The "Arctopalypse" has passed, and we're still alive.
When I was young, vast polar wilderness were never on the top of my list of places to go when I grow up. Since then, I’ve spent quite a bit of time in snowy mountains and outdoors skiing and trudging around in freezing weather.
But thanks to last week’s Polar Vortex, I think it would be fair to suspend disbelief and say we’ve all been to the Arctic.
Was it really that bad? Not for me, and everyone I know got through it relatively unscathed.
For a couple of days, it seemed any time one listened to the radio, turned on a television or checked any kind of media one would have got the impression the world as we know it was about to end.
"Life-threatening cold temperatures" was one oft-repeated term, probably because nobody could figure out how to say "be very afraid" without sounding too alarmist.
Anymore, the same thing happens anytime snow is expected, or when a thunderstorm rolls through in the spring.
The vast, mass-communicating echo chamber seems to have turned every weather event, no matter how ordinary or severe, into "Snowmageddon" or last week’s "Arctopalypse."
Some may have had frozen pipes, broken furnaces, dead car batteries or other life-support system malfunction. But for a lot of people who don’t work outside, a hat, gloves and heavy coat suddenly became essential for the walk to the car, or from the parking lot into work.
Of course, schools were closed for two days, and many government offices also closed. Warming shelters opened for those who needed help.
But the vast majority of us were just fine.
Those who use public transportation got a big break in Summit County, where METRO RTA suspended fares through Friday. That really impressed me and the agency deserves a lot of credit for helping out patrons forced out in the cold to commute.
I took a few minutes to take a few photos of the frigid Cuyahoga River on Wednesday, where the air was so cold that steam rose from the white water by the Sheraton downtown in Cuyahoga Falls.
It was -1 degrees and my phone went dead in under five minutes. It took about 15 minutes to rewarm my hands in the car.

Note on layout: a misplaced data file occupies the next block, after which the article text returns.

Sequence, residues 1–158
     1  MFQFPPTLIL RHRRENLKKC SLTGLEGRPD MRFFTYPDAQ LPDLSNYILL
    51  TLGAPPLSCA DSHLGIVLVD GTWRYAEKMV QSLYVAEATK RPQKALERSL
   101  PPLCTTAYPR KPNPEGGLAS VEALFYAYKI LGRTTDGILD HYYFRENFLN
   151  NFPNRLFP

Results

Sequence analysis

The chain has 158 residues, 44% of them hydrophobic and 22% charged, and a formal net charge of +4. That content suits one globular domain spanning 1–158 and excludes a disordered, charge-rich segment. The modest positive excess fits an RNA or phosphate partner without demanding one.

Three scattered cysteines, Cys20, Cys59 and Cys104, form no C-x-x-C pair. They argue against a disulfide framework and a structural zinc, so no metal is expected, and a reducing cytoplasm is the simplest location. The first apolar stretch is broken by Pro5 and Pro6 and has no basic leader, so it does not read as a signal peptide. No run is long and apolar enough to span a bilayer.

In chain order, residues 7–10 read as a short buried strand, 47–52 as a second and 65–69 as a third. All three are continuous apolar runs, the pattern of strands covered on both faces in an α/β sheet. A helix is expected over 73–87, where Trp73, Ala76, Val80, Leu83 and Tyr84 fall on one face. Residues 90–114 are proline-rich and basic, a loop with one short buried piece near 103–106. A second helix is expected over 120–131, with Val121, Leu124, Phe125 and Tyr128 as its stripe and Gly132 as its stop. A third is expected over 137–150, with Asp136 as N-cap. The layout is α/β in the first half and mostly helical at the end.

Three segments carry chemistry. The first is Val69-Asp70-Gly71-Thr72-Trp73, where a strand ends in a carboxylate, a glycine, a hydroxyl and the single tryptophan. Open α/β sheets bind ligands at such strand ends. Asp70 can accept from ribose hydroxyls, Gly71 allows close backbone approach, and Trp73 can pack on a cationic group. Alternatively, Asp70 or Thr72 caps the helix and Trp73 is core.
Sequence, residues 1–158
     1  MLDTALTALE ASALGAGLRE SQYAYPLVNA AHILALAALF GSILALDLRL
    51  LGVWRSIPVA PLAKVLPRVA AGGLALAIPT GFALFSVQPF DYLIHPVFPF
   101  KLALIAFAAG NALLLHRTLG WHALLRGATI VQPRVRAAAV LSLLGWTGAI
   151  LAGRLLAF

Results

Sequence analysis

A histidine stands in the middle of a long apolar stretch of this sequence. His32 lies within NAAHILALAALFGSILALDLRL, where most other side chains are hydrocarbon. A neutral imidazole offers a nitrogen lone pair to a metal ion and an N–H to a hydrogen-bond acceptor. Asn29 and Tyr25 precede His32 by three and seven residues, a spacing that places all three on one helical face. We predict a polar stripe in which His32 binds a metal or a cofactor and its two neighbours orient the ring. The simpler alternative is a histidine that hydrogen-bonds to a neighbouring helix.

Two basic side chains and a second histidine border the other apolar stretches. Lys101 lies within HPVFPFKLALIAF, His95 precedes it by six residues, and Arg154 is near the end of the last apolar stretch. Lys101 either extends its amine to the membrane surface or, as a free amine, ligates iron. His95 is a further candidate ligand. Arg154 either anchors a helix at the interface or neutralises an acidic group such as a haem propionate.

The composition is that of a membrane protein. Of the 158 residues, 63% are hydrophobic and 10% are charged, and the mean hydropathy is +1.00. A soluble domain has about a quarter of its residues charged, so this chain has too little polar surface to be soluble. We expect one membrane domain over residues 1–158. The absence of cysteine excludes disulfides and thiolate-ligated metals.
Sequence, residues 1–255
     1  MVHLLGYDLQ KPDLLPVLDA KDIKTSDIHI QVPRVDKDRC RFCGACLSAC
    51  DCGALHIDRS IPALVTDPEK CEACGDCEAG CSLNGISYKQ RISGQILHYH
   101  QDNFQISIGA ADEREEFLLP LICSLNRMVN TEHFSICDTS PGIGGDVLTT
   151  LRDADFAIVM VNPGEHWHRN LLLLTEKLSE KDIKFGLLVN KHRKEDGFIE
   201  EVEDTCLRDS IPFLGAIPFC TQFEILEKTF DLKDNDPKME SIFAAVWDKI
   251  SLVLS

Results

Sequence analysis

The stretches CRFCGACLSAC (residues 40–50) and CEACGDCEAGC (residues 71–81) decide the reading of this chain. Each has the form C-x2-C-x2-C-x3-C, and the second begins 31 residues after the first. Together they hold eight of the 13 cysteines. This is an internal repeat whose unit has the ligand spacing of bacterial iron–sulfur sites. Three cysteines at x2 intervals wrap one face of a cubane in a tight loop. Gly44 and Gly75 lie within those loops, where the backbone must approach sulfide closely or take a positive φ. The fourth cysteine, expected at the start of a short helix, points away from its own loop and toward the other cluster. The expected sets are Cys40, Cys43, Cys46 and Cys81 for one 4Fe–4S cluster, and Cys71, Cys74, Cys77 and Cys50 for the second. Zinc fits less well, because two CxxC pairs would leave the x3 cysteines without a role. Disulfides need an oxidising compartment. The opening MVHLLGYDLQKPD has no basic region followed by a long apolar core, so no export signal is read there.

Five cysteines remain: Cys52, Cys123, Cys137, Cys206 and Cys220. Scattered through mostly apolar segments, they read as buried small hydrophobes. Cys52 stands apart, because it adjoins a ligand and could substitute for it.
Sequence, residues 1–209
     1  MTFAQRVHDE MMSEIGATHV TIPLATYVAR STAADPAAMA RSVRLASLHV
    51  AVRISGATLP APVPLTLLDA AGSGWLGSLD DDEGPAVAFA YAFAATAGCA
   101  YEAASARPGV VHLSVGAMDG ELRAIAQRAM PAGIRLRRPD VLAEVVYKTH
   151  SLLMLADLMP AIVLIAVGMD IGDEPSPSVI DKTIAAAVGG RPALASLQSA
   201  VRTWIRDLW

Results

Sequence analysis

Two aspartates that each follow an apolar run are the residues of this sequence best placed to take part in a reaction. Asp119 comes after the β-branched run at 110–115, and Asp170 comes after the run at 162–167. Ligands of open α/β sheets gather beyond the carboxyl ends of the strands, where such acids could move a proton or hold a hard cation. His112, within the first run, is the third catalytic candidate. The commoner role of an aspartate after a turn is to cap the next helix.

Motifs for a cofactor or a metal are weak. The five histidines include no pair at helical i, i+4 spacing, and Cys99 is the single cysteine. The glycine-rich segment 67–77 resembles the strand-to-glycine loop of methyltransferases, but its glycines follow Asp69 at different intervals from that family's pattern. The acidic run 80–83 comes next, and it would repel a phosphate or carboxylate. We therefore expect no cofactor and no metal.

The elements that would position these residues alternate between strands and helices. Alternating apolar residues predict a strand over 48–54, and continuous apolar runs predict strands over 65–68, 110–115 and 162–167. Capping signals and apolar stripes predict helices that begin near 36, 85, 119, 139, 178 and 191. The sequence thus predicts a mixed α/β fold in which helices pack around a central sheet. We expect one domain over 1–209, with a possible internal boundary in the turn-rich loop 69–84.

Many years ago a snowstorm came through with much of the same fanfare as last week’s cold temperature drop. It was about 15 degrees and snowing about six inches. So I went cross country skiing after dark. I could hear traffic in the distance, and watched the distant lights as people drove home from work. It was really quite peaceful.
Was it foolish and dangerous? I didn’t think so, but it wasn’t my first time out at night in the snow.
People have an urge to help and protect each other, but it can go too far.
For example, I’ve been many places where swimming isn’t as restricted as it is in this part of the country. Here, taking a dip in a lake outside regular hours is a violation prominently posted on signs. Other places, you swim in the ocean at your own risk.
Can you imagine signs that say "No walking in the blizzard," or a law that prohibits one from being in a park when the temperature dips below freezing?
For those not used to such cold weather or familiar with its dangers, it would be good advice. Alaskans would laugh.
But it doesn’t take much to die from the cold — one can get hypothermia outdoors on just about any winter day — except maybe on a day like Monday, when the temperature is expected to be in the mid 50s.
Believe it or not, many people love the winter. They ski, ride sleds and toboggans, and even go to just walk around in the snow.
Getting out and enjoying winter’s beauty beats being miserable until the end of March.
It’s really nothing to be afraid of — just be careful, and dress warm.
Eric Marotta can be reached at 330-541-9433, or firstname.lastname@example.org